Yooka-Laylee has finally arrived and reviews have come in somewhat mixed. Metacritic’s average hovers in the low 70’s while various websites take a love-it or hate it approach. For a game pitched at a very specific niche and riding momentum on the back of nostalgia, this can’t really come as a surprise to anyone. But does this middle of the road reaction from critics ultimately mean anything?
There were a flurry of high-profile Kickstarter projects a few years back that found themselves in the spotlight. We all know Shovel Knight went on to become a standout title in its own right, but the fate of these other games has been more varied. Perhaps more notably, Mighty No. 9 was critically panned and largely disliked by those who backed it for being a failure. It put more pressure on Yooka-Laylee, which had the unenviable task of trying to raise the quality of Kickstarter’s alumni while still keeping to its stated promises.
It seems unfair to throw Yooka-Laylee into this position, yet after a number of high-profile misfires from Kickstarter backed games, it became inevitable. Polytonic’s re-imagining of Rare’s classic platformers became a beacon of hope, maybe this game will be the one that finally knocks it out the park. Alas, while super fans of the Banjo series and Rare games will be happy; the rest of the gaming world seems to be largely indifferent to the title.
It’s not surprising really. The game was targeted at a specific niche – that of the late-1990’s platformer. Much like Mighty No. 9, the game was a love letter to a genre that had long since passed out the mainstream, limiting its appeal from the first step. Yooka-Laylee was the product of a nostalgia trip, a promise to recapture the highs (and lows) of a time period many gamers wish to fondly revisit. Heck, one look at Playtonic’s website over the past year and you’d lose count of the number of times “Rare” or “Ex-Rare” employee pops up. This game never hid what it was – so it’s hard to be critical when it plays its cards so brazenly.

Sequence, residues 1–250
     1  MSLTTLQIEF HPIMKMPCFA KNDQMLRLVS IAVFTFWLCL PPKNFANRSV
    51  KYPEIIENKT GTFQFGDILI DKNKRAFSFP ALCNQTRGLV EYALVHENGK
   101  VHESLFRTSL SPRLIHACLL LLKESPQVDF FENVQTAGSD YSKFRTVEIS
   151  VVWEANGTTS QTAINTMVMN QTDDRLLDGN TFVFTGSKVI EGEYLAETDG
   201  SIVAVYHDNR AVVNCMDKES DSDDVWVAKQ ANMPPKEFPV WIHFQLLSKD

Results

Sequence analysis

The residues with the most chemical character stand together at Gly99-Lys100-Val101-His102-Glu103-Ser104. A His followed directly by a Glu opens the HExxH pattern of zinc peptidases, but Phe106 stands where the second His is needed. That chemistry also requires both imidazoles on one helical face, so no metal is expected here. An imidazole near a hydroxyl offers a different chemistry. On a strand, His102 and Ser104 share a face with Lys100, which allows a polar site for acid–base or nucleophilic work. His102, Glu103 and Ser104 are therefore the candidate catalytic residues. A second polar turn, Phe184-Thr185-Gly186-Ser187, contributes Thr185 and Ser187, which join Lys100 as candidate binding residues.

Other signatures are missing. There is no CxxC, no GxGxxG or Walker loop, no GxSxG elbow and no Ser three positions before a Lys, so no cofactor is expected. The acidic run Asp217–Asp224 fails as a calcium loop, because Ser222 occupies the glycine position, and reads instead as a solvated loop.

Part of the problem is that most of the people who want the game will pay upfront for it through Kickstarter. It’s their backing that makes the game’s development possible, no matter what state it arrives in. In the case of Yooka-Laylee, I suspect many of these early backers will be over the moon about the final game, most of the critical reception to the game points to a game that fly’s a little too close to the Banjo series (and its flaws). This critical reception won’t phase these gamers, they got the game they want ultimately.
The more interesting response comes from the wider gaming industry. Kickstater has a weird effect on critical discourse, as it makes critical reaction all the more harder to apply in a normal manner. Traditionally reviews are used by gamers as a way of determining if a game is worth their investment but with Kickstarter, that investment has already occurred for the hardcore fans. The main bulk of those who’d buy the game will already be getting it – so the critical response if aimed at those who have yet to be convinced into the concept.
To modern gamers buzzing on Call of Duty multiplayer sessions and Overwatch, the idea of returning to a cutesy throwback to late-1990’s platformers will always be a hard sell. Of course Playtonic and Team 17 will have wanted Yooka-Laylee to catch on in a bigger way and achieve higher scores – but for the first outing in Playtonic’s upcoming roster of games – it’s not the end of the world. Rare didn’t achieve greatness overnight and this is a new franchise. It takes time to ground it in.
Unlike recent AAA-outings with monstrously high budgets, Yooka-Laylee has time to grow into something bigger. While new IP’s like The Division, No Man’s Sky and Battleborn were pitched too high in their marketing – forced into the AAA-space when they really didn’t have the backing to make it work – Playtonic’s franchise can develop and expand. It has a bright future and the critique offered up will serve more as a pointer for improvement than a franchise killer.
At the end of the discussion, I feel the mild response to Yooka-Laylee was predictable. It’s a game that was pitched, developed and released on a huge wave of nostalgia. To those who didn’t buy in (like myself), it’s a mild curiosity that could turn into something great down the road. It’s hard to accept in a world of AAA-gaming and high budgets, but the first step is usually the hardest. I feel that it’s the reactions of those who backed the game that ultimately matters more, since this game was largely created for them.
Maybe in time, Playtonic can deliver a game everyone can enjoy.